CHD4-mediated loss of E-cadherin determines metastatic ability in triple-negative breast cancer cells

    loading  Checking for direct PDF access through Ovid


Triple-negative breast cancer (TNBC) is a subtype of cancer with aggressive behaviors (high recurrence and metastasis rate) and poor prognosis. Therefore, studying the determining factors that lead to malignant TNBCs is necessary to develop personalized therapy and improve survival rates. In this study, we first analyzed levels of chromodomain helicase DNA binding protein 4 (CHD4) in 60 TNBC patients by immunohistochemical staining. We then clarified the role of CHD4 in TNBC and non-TNBC cell lines. Our clinical data indicated that higher CHD4 expression is positively correlated with metastatic stage, tumor recurrence, and survival status. Consistent with the clinical analytical data, our in vitro data also indicated that high level of CHD4 is positively correlated with malignant behaviors in TNBC cells, such as cell motility and mortality. For further analyses, we found that E-cadherin, N-cadherin and fibronetin are involved in CHD4-mediated epithelial-mesenchymal transition (EMT). Silencing of CHD4 also increased drug sensitivity to cisplatin and PARP1 inhibitor, especially in TNBC cells. Altogether, our findings showed that CHD4 is not only a potential prognostic biomarker for TNBC patient survival, but is also a powerful candidate in the development of new anti-cancer agents in TNBC.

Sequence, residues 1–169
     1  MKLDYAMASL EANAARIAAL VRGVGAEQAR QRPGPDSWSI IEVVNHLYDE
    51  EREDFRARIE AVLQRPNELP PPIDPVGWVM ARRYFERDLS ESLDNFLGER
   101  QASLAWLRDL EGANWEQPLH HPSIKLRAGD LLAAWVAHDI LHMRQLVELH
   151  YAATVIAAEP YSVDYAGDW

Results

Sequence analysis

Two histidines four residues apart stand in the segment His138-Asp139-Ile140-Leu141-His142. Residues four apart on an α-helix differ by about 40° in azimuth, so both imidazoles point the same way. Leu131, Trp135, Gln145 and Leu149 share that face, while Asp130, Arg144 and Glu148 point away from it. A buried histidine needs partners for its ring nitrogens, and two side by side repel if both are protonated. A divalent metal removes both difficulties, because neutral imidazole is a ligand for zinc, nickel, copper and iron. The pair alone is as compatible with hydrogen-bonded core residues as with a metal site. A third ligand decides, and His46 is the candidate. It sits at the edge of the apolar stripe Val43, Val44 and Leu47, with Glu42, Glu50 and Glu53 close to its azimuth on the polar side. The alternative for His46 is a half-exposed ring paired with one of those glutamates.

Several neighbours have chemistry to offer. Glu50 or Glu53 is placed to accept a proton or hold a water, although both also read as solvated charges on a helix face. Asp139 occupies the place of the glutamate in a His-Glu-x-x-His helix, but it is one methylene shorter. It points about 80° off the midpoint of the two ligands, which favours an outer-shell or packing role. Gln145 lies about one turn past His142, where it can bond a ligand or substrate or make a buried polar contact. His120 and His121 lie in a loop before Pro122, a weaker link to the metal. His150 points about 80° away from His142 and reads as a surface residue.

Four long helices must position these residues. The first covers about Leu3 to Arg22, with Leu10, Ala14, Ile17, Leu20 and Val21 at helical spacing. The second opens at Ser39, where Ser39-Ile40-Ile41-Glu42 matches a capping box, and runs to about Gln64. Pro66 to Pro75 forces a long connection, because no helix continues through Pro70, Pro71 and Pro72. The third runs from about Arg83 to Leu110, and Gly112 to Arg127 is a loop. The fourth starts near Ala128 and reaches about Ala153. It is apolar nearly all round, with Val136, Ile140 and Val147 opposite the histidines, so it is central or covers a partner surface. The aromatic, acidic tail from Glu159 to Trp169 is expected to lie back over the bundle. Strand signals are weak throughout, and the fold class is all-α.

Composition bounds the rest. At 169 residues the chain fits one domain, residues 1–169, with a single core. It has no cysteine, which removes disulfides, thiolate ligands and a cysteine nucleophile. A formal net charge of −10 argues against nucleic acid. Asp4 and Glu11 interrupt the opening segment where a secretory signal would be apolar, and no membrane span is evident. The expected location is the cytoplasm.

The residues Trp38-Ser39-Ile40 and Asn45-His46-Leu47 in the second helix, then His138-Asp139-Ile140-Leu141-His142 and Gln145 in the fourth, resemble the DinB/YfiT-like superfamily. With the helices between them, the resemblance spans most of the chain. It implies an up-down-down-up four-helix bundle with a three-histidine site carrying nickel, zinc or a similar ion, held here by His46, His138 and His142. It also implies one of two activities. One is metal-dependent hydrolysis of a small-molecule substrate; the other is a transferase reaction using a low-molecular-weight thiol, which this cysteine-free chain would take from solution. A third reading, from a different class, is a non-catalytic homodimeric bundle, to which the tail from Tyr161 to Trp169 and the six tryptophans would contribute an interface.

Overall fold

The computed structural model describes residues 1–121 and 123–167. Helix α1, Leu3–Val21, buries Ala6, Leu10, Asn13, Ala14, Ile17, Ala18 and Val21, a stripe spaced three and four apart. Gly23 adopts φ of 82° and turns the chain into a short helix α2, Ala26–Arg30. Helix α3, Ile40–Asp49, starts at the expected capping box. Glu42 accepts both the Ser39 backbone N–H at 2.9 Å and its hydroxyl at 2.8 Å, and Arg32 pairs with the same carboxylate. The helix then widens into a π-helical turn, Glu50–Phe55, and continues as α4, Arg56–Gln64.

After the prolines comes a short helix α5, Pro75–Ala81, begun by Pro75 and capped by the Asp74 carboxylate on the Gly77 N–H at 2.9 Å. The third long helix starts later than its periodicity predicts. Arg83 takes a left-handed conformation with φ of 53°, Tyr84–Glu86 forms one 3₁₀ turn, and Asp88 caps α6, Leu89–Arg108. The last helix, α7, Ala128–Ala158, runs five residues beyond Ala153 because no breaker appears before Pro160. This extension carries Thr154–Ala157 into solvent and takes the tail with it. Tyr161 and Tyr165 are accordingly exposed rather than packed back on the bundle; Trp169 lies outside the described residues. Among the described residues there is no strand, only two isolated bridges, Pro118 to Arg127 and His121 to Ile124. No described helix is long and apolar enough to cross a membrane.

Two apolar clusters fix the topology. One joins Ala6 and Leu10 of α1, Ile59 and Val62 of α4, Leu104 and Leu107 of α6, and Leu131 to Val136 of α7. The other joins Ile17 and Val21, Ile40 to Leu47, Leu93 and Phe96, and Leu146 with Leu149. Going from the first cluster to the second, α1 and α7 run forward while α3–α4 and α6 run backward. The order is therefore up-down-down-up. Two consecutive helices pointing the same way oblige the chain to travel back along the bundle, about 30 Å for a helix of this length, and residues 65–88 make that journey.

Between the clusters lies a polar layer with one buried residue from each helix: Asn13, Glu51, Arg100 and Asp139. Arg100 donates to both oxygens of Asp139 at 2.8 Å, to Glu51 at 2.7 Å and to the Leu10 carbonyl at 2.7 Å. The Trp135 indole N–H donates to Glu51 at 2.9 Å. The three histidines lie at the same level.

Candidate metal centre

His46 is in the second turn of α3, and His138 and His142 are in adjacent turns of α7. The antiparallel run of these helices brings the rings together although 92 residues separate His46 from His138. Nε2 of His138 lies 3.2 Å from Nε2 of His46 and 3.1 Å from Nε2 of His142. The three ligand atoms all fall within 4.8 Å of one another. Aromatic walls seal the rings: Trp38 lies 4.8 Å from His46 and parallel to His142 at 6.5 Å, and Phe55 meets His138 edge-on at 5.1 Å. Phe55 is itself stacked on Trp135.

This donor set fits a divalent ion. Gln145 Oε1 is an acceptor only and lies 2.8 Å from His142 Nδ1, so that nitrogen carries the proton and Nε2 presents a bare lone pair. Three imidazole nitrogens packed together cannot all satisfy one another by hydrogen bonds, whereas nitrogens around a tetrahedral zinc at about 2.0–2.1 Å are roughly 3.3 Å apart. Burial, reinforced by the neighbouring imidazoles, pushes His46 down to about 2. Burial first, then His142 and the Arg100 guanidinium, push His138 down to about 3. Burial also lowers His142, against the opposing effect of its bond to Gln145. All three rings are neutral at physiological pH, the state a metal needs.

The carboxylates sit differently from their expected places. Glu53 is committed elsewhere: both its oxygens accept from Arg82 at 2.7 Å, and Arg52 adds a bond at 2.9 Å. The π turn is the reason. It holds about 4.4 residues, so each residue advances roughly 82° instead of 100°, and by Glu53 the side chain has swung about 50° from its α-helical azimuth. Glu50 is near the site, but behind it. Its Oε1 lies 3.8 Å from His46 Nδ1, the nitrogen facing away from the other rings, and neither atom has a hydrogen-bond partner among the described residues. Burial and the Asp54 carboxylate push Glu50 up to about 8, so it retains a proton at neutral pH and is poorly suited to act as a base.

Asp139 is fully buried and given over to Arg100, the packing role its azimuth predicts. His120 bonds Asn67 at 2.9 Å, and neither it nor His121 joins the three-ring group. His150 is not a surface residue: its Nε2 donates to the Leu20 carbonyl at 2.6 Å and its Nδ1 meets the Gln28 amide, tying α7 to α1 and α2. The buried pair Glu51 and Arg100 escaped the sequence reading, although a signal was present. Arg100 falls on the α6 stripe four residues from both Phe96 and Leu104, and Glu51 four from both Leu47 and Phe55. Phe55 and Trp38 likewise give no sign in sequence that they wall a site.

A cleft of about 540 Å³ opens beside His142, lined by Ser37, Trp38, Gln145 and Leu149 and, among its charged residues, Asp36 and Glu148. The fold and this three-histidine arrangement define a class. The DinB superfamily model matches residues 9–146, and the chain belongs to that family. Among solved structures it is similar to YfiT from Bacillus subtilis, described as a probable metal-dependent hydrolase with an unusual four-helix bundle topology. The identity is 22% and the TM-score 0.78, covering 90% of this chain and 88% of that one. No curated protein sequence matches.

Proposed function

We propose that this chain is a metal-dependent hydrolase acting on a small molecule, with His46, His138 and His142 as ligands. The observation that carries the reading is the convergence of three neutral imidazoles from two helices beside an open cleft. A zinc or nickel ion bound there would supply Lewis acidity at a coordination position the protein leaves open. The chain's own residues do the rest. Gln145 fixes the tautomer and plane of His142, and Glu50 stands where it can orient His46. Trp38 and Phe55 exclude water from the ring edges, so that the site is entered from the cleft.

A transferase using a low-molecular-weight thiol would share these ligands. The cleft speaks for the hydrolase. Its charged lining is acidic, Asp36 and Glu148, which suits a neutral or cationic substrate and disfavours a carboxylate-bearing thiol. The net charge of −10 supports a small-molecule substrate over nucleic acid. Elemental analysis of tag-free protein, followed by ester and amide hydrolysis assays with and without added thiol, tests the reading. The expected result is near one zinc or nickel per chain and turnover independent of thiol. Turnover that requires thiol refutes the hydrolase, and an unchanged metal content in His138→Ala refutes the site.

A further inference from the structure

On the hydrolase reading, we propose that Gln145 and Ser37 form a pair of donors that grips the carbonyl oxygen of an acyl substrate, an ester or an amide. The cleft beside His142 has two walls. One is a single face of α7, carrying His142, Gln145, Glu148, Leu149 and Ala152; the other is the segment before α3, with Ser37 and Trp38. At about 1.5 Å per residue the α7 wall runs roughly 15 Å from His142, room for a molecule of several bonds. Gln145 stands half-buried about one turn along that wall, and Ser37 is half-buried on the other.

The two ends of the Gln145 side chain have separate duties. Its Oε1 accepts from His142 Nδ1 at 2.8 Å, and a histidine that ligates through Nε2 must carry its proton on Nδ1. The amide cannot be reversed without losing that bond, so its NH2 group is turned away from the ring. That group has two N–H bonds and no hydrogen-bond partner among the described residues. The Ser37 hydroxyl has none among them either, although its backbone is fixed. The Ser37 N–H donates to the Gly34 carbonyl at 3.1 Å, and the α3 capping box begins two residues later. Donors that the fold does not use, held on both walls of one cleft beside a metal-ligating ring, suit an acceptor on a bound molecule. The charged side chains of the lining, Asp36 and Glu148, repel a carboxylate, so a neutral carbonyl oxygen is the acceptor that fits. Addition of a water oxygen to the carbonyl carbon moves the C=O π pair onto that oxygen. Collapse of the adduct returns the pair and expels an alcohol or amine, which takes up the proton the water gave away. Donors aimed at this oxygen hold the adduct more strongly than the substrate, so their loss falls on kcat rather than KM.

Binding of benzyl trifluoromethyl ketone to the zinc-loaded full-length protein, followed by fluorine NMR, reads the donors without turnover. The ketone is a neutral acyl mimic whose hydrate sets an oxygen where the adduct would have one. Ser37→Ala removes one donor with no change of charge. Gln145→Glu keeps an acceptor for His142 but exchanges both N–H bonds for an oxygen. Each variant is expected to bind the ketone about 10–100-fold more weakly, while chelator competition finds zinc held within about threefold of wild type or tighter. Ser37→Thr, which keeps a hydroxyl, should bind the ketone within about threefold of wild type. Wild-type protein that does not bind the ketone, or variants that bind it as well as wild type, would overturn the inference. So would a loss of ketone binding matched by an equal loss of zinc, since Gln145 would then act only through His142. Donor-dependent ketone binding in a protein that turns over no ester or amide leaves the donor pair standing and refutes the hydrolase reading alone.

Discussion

Related Topics

    loading  Loading Related Articles